Currently, federal regulations state that those on the losing side of a lawsuit may be required to compensate the winning side for payment of court interpreters. Now however, the question the Supreme Court has to currently decide is whether or not these prices include those pertaining to lawful record translation as well as written translation as a whole.
Our take on the matter: when translating for court cases, we typically make a clear distinction between interpreting, which involves an immediate, oral translation of spoken text, and translation, which includes not only document translation but also translating various other written documents.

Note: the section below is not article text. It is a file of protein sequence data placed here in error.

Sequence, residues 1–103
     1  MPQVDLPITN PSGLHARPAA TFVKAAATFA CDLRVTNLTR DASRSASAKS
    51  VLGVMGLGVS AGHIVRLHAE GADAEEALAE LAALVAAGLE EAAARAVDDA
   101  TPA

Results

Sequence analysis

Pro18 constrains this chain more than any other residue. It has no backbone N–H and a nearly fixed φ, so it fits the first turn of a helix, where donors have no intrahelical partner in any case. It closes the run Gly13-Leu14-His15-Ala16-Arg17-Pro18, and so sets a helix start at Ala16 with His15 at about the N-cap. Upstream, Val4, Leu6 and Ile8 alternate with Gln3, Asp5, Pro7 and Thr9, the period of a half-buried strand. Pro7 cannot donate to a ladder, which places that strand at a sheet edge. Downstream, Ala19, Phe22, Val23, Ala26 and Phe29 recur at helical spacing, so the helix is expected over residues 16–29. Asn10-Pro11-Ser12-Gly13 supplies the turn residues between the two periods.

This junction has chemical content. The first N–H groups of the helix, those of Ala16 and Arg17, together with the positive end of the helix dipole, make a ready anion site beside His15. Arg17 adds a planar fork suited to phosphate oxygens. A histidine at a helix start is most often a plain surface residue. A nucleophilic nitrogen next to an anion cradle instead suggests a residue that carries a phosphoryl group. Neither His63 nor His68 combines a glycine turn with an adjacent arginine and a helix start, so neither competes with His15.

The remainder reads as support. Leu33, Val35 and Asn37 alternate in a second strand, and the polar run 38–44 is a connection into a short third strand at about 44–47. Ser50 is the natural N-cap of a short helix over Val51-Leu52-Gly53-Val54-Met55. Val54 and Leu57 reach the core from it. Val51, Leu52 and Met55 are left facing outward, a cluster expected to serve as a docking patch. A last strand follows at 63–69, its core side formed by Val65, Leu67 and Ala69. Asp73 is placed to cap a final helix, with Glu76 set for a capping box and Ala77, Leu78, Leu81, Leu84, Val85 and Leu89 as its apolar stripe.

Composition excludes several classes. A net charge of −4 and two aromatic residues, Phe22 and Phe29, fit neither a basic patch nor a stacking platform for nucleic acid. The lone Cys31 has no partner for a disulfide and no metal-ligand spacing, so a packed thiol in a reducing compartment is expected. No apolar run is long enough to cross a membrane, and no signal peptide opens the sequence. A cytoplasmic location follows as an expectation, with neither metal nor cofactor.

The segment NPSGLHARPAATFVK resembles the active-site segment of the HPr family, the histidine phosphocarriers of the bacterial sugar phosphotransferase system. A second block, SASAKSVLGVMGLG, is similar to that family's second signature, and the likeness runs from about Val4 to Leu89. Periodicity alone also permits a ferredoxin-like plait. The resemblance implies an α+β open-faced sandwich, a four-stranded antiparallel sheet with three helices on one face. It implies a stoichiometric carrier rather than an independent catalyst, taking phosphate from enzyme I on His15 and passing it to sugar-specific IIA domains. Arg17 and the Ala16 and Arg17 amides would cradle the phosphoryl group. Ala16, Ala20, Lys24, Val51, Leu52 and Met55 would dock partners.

However, industries and the judicial system don’t necessarily see eye to eye when it comes to standards such as these, and the SCOTUS could easily determine against these distinctions in favor of a more comprehensive interpretation of analysis that includes written translation too.
The Supreme Court’s decision on awarding translation fees to the winning party will certainly be made public in the near future, and we’ll be sure to keep you updated on that front when it’s made public.